TMI Update: Jan 14, 2024

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Nuclear Regulatory Commission - News Release
No: III-24-002 January 19, 2024
Contact: Prema Chandrathil, 630-829-9663
NRC Proposes $9,000 Civil Penalty Against Geotechnical and Materials Engineers
The Nuclear Regulatory Commission has proposed a $9,000 fine to Geotechnical and Materials Engineers, Inc. for a violation of NRC requirements associated with the control of NRC-regulated material.
The violation involved the failure to control and maintain constant surveillance of a portable moisture density gauge containing radioactive material or to use two independent physical controls to secure the gauge. The gauge is used for measuring the moisture content and density of soil and aggregate.
The NRC was notified by the company that a gauge was struck and damaged by a bulldozer at a temporary job site in Fort Wayne, Indiana, on March 22, 2023. The technician then walked away from the gauge, failing to secure it from being removed from the site by an unauthorized user.
Following an inspection at the company’s office in Fort Wayne, Indiana, the NRC documented the proposed violations in a November inspection report.
Geotechnical and Materials Engineers responded to the violations, documenting actions it has taken to prevent recurrence of the violation.
The company has 30 days to pay the proposed penalty, contest the penalty in writing, or request alternative dispute resolution with the NRC to resolve this issue.
January 26, 2023
Russell G. Workman
General Counsel and Corporate Secretary
EnergySolutions, LLC
299 S. Main Street Ste 1700
Salt Lake City, UT 84111
Dear Mr. Workman:
By letter dated November 23, 2022, as supplemented by letter dated January 13, 2023,
EnergySolutions, LLC (EnergySolutions) requested that the U.S. Nuclear Regulatory
Commission (NRC) make a threshold determination that a corporate transaction involving
companies upstream of the indirect majority owner of EnergySolutions would not result in a
transfer of control of Facility Operating License Nos. DPR-39 and DPR-48 for Zion Nuclear
Power Station (Zion), Units 1 and 2, respectively, and the general license for the Zion
independent spent fuel storage installation (ISFSI), Possession Only License No. DPR-73 for
Three Mile Island Nuclear Station, Unit 2 (TMI-2), Possession Only License No. DPR-45 for La
Crosse Boiling Water Reactor (La Crosse), and the general license for the La Crosse ISFSI, and
Renewed Facility Operating License No. DPR-43 for Kewaunee Power Station (Kewaunee), and
the general license for the Kewaunee ISFSI; Radioactive Materials License No. 39-35044-01;
and Export Licenses XW010/04 and XW018/01 that would require prior NRC approval under the
applicable NRC regulations.

The NRC staff has completed its review and concludes that the corporate transaction, as
presented in the request, will not constitute a direct or indirect transfer of control under the
applicable NRC regulations of the NRC licenses held by EnergySolutions and its wholly-owned
subsidiaries and will not result in foreign ownership, control, or domination issues. Therefore,
EnergySolutions does not require prior NRC approval for the corporate transaction. The
enclosed safety evaluation documents the NRC staff’s review and conclusion.

Zip of 5 documents

39-35044-01 633678 EnergySolutions, LLC (Change of Control)
Nuclear Regulatory Commission - News Release
No: III-24-001 January 16, 2024
Contact: Viktoria Mitlyng, 630-829-9662 Prema Chandrathil, 630-829-9663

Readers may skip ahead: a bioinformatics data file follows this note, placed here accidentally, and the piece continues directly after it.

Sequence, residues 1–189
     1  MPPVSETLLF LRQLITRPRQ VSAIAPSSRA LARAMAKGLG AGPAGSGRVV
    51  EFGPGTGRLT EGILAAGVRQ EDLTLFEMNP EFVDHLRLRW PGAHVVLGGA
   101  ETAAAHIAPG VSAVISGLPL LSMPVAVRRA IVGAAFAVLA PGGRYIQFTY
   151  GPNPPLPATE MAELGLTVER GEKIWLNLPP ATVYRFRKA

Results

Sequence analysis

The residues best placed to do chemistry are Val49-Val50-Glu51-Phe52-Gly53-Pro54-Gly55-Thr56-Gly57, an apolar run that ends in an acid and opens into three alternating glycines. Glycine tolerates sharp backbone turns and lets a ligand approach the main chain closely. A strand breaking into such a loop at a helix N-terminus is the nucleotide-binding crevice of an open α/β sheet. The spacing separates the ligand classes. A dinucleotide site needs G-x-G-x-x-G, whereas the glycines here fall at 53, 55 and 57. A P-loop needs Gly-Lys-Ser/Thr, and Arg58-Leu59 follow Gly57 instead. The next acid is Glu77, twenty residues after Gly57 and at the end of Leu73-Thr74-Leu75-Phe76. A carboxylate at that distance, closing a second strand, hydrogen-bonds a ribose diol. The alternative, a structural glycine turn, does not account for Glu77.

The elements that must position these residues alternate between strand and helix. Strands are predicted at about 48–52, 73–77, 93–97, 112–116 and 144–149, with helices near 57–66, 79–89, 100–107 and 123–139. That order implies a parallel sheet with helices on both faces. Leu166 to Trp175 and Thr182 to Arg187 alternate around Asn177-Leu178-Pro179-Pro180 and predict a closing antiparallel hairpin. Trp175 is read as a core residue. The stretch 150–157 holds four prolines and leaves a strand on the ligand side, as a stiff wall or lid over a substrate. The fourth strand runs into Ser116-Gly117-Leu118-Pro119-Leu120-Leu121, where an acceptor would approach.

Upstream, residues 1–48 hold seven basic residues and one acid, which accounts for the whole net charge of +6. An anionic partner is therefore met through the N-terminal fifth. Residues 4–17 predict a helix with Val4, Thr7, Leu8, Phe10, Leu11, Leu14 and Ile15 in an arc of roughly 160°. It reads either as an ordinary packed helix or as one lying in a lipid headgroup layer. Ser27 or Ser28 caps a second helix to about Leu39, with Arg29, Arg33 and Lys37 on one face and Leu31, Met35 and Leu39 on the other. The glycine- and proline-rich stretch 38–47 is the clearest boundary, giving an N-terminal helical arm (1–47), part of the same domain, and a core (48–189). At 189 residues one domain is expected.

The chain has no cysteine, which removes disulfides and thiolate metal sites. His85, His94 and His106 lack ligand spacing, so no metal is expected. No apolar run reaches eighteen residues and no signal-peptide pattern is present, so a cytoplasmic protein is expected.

NRC to Hold Pre-Decisional Enforcement Conference with an Indianapolis-based Healthcare Company
The Nuclear Regulatory Commission will hold a pre-decisional enforcement conference Jan. 18 with representatives of Community Health Network, a multi-site healthcare services provider, to discuss proposed violations associated with radiological controls required during hospital operations at its facilities in Indianapolis, Indiana.
The meeting will take place from 8 a.m.-12 p.m. Central time at the NRC’s Region III office at 2443 Warrenville Road, Suite 210, in Lisle, Illinois. It will be open to the public except for discussion on security-related information. The meeting notice has information on how the public can participate in the open portion by calling into a toll-free teleconference line or joining online.
The NRC identified three proposed violations of NRC requirements during a routine inspection. One involved the licensee’s failure to prepare a written directive before the administration of a medical isotope. The second involved the hospital’s apparent failure to monitor the occupational exposure from radiation sources to its workers and failure to require the use of individual monitoring devices. Details of the third proposed violation, which is security related, will not be made publicly available.
During the enforcement conference, hospital representatives will have the opportunity to provide their perspective or additional information regarding the issues before the agency makes its final enforcement decision. The hospital representatives also can discuss corrective actions it has taken or planned to address the issues and prevent recurrence.
No decisions will be made during the meeting. The NRC will review the information and make a final determination approximately 60 days after the conference. The decision will be publicly available.
Nuclear Regulatory Commission - News Release
No: 24-003 January 12, 2024
CONTACT: Scott Burnell, 301-415-8200
NRC Atomic Safety and Licensing Board to Hold Oral Argument on Perry License Renewal
A Nuclear Regulatory Commission Atomic Safety and Licensing Board will hold oral argument virtually on Jan. 30 on a petition requesting a hearing on Energy Harbor Nuclear Corp.’s application to renew the operating license of Perry Nuclear Power Plant, near Perry, Ohio, for an additional 20 years.
The oral argument, scheduled to begin at 1:30 p.m. Eastern time, will allow the Board to ask questions about the admissibility of two proposed contentions from petitioners Ohio Nuclear- Free Network and Beyond Nuclear challenging safety and environmental aspects of the application. The Board will hear argument from representatives for the petitioners, Energy Harbor Nuclear, and the NRC staff.